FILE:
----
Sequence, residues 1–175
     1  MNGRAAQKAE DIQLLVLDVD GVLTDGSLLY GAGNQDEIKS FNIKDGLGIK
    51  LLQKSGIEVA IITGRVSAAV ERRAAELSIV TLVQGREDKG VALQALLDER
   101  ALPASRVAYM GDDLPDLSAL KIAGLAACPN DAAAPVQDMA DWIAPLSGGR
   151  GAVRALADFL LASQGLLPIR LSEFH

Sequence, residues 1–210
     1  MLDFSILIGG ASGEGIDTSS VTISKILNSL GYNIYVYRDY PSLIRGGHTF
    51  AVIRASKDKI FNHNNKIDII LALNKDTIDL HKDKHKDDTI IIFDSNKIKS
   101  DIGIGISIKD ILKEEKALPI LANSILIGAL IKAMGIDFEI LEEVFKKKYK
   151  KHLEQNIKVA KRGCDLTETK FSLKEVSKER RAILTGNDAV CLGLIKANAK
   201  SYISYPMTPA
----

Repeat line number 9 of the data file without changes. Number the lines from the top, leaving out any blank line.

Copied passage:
   101  DIGIGISIKD ILKEEKALPI LANSILIGAL IKAMGIDFEI LEEVFKKKYK